Discovery of tax returns is not privileged under federal law. Deployment Medicine Consulants, Inc., v. Pipes, 2010 WL 4853814 *2 (S.D.Cal. Nov. 23, 2010). In the Ninth Circuit, "discovery of tax returns is allowed when 'they are relevant and there is a compelling need for the returns because their information is not otherwise readily attainable from an alternative source.'" Id. (citations omitted).

The initial inquiry in the instant case is whether to apply California or federal law to the question of whether the requested tax returns are privileged. The answer will turn on the application of Fed.R.Evid. 501 which provides, in pertinent

[I]n civil actions and proceedings with respect to an element of a claim or defense as to which State law supplies the rule of decision, the privilege of a witness . . . shall be determined in accordance with State law.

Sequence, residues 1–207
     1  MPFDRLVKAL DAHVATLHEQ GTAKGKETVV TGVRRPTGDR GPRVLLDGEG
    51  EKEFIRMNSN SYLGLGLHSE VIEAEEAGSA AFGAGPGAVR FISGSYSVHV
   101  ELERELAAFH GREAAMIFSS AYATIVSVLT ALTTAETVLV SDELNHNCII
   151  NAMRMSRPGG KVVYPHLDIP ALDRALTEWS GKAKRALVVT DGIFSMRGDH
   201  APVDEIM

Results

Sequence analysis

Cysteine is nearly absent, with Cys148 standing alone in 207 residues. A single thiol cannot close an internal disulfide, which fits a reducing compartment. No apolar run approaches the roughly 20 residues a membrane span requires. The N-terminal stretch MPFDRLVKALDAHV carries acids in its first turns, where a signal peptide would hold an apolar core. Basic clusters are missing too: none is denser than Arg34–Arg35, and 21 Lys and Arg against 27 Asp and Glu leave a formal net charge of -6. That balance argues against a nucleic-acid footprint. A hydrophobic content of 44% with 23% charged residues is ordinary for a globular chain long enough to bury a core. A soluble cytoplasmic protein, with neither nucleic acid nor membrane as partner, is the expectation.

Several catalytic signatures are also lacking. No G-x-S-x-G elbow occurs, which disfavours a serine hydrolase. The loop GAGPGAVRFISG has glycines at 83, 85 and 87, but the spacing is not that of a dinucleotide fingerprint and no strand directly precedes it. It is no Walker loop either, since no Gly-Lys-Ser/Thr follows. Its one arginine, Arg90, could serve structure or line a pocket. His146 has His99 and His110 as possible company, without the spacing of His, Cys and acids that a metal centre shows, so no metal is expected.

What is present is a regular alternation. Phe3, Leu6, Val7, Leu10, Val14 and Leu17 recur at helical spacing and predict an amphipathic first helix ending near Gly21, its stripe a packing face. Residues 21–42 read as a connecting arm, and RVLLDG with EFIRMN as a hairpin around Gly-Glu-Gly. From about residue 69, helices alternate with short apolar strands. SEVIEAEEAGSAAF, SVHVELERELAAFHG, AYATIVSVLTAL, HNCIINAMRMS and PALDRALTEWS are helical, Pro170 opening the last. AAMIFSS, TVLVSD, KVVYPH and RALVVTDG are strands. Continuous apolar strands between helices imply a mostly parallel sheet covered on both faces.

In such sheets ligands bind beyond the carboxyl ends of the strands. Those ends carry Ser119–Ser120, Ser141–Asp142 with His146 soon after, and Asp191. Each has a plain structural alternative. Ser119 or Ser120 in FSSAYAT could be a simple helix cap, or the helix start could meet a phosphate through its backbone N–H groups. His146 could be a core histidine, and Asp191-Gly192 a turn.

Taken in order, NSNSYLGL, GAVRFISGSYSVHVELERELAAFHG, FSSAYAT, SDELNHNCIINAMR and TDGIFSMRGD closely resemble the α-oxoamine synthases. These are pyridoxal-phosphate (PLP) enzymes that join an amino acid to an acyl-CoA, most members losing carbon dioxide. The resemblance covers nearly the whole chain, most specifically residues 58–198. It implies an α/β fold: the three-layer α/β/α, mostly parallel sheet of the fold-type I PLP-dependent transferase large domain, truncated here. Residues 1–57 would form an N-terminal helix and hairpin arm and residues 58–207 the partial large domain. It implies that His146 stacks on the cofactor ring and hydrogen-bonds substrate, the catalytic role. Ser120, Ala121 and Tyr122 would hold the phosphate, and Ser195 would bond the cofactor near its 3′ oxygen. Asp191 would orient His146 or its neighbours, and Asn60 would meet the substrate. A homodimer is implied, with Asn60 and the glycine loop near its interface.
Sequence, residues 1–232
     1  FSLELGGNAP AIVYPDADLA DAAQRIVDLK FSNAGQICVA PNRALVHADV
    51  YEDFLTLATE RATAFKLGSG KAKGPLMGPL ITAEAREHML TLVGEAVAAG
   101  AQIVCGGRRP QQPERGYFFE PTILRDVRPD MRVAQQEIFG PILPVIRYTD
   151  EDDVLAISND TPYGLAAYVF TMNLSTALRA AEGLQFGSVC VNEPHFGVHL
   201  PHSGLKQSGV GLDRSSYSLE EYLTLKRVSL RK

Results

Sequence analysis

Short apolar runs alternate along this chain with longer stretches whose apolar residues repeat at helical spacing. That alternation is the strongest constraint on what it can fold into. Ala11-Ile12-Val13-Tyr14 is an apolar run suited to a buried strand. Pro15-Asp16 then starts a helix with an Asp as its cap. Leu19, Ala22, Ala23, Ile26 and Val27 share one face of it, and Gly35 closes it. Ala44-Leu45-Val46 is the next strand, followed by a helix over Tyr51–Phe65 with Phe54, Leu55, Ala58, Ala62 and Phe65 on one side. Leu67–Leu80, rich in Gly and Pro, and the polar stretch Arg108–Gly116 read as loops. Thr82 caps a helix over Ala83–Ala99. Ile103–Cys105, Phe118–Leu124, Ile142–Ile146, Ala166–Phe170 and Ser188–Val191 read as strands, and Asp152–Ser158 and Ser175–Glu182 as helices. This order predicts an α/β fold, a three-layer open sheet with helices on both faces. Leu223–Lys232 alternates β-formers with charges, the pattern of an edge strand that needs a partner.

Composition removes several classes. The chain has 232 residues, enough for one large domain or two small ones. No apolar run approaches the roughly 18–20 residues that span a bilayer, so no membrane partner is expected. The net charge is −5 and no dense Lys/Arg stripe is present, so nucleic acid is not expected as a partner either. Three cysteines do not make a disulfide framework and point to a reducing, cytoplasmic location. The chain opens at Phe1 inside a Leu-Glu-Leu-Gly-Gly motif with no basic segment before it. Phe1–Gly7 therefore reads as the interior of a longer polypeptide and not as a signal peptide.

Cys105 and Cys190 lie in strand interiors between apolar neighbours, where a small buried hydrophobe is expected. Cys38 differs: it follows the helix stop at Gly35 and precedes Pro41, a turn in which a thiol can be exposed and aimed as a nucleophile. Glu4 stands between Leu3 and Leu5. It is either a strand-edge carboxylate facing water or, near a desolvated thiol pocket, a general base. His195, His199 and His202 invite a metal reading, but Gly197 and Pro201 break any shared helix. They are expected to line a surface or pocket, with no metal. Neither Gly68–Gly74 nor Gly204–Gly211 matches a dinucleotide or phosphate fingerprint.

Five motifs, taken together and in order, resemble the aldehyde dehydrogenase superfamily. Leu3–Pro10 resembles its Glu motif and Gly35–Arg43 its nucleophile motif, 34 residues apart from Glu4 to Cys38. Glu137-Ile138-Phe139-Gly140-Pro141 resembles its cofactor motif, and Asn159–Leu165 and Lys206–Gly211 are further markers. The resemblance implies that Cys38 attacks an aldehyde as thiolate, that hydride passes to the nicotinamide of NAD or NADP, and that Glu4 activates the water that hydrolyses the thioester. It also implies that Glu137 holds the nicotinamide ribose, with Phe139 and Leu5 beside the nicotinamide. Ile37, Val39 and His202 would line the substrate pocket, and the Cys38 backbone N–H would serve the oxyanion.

Defendants assert that the instant case presents a federal question with pendant state law claims and that federal privilege law should apply. (ECF No. 56-2 at 5). Plaintiff does not address the choice of law question; he assumes that state law applies and that none of the exceptions to assertion of the privilege is extant in this case. (ECF No. 56-3). It is rarely so simple.

In Young v. United States, 149 F.R.D. 199 (S.D.Cal. 1993), the court addressed whether state or federal privilege law applied to a lawsuit brought under the Federal Tort Claims Act. In that case, the plaintiff asserted that because the Federal Tort Claims Act requires the court to look to the law of the state where the injury occurred in determining liability, that state privilege law applied. Defendant argued that in federal question cases, federal privilege law applies. The court found that in Federal Tort Claims Act cases, federal law absorbs or incorporates state law so that federal privilege law applies. The court stated: